I felt compelled to write a post about mindfulness as I await the start of a new life journey in a month’s time. I am planning on enrolling in a six-month meditation course in hopes that as a doula in Edmonton and instructor of childbirth classes in Edmonton, I can add this to teachings and levels of support I offer. So as I anticipate this starting, I’m thinking about all of the ways that mindfulness can be applicable to birth… and I must share this with you all!
Mindfulness is a state of being in complete awareness of all of your thoughts and all of the happenings within your body. In everyday life, mindfulness has the power to rid people of stress, anxiety, sleep deprivation, depression, etc. It’s such a powerful tool and easy to use with a bit of direction and practice! When it comes to birth, mindfulness doesn’t fall short in it’s value. Mindfulness is in a way just a reminder to fall into the primal state that many birth people do naturally. There are points in a labour where you feel like nothing around you matters, where you feel alone with your body and focused inward on bringing your baby to you. This is the essence of mindfulness – being aware of thoughts that surface, of sensations that may guide you to repositioning your body, and of what it is that you truly need at any point. For some people, being mindful will save them and their baby as they will know when something is not right. For others, mindfulness will bring their faith into their birth experience and they will truly feel enlightened by a higher power. There are many different places that mindfulness may bring you to in your birth, and that is the beauty of it… it’s YOUR birth! The best part of mindfulness as a birth comfort measure, is that it’s so stinking easy to practice. If you start early, you’ll be a master come birth-day 🙂
So how exactly does this mindfulness thing work? Well, so far I have read many ways of remembering how to be mindful, and I’ve summarized everything I’ve found so far into these steps:
- If you feel anxiety or stress or sadness coming on, put a halt on your mind. Stop what you are doing and thinking so that these thoughts cannot progress further
- Describe and observe what you are thinking or feeling. Are you feeling hurt? Disrespected? Alone? Worried about something? Be very specific in how you describe your thoughts, but be careful not to use opinionated words like “good” or “bad”.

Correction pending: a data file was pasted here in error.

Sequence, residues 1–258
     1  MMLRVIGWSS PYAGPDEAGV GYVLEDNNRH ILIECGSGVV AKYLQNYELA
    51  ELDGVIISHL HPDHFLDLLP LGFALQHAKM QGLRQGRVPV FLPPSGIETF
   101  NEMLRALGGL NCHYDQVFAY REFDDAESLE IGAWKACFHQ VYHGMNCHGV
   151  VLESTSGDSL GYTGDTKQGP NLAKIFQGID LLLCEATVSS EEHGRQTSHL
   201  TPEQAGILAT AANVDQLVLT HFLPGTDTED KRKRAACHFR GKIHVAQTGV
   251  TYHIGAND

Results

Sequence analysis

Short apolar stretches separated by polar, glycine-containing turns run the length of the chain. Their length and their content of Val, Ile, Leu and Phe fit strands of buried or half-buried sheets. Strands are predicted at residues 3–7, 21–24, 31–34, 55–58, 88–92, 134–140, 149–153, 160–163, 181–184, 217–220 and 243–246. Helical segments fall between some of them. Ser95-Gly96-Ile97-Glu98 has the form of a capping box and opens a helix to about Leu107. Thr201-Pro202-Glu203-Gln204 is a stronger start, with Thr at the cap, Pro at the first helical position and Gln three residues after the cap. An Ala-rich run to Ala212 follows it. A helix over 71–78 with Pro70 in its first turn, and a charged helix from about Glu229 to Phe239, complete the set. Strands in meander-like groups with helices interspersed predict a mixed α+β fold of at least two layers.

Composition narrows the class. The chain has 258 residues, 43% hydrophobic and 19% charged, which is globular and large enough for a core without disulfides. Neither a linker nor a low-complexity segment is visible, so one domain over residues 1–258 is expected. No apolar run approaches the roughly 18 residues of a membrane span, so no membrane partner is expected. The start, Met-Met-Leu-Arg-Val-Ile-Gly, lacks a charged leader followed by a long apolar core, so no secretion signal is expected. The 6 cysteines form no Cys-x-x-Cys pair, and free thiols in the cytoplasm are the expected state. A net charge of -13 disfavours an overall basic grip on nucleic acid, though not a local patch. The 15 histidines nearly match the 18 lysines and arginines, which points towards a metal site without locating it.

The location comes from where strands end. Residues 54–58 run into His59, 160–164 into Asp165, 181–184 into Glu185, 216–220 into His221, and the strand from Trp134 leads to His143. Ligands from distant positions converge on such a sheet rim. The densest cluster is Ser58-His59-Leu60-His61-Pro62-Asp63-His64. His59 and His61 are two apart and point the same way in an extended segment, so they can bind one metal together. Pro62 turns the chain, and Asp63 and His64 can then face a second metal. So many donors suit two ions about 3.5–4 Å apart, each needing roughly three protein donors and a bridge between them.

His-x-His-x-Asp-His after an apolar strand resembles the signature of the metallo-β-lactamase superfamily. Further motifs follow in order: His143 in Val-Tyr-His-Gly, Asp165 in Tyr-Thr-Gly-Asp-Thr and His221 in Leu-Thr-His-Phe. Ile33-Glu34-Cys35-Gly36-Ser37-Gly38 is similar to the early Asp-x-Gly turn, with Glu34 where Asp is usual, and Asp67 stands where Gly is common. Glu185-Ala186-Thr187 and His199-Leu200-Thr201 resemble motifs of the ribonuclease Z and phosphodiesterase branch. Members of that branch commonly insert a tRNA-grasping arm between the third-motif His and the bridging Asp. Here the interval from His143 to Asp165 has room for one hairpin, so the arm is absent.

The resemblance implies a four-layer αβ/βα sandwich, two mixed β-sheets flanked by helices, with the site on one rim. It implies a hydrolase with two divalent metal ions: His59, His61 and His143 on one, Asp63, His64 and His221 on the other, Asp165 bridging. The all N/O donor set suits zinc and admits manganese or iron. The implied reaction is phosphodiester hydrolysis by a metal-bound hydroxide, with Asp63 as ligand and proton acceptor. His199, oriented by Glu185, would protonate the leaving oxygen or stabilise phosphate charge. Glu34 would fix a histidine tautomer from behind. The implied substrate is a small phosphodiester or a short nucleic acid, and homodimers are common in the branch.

- Accept your thoughts, without any judgment. This is probably the hardest part because our whole life we are groomed to see things as either bad or good, but with this step you are going to think neither. Accepting your thoughts means telling yourself “I am feeling this, and that is where I am right now”.
- Once you’ve gone through acceptance, allow this thought to drift away and move forward. Specifically, move forward with kindness to yourself and without looking back on the thought or feeling that just left you. Also take this chance to do whatever you feel you need to do to move forward.
So guys, this may seem easy but if you try these steps for the first time you’ll realize it’s not! Not at first, anyway. The good thing is, you can practice this ANYTIME! For example, let’s pretend you get into an argument with a family member. You can use this as an opportunity to be mindful – “I’m going to stop for a minute. I am feeling disrespected and hurt. This is where I am at right now, and I am going to move on and go forward with kindness to this person and myself”. The same can be applied in a situation during childbirth. Let’s say your water just broke and you’re feeling anxious – “I’m stopping the racing of my mind. I am feeling so excited and nervous that it is overwhelming me. I’ve never had my water break before, so it’s understandable that these are my thoughts and I accept them. I am now going to move along and contact my care provider (and my Edmonton doula)”
Mindfulness has changed my life, and even if it’s something you don’t practice outside of the birth of your child, don’t let this opportunity pass you by to be more connected and in control of the process! In what situations do you think mindfulness would help you in everyday life? Let me know in the comments below!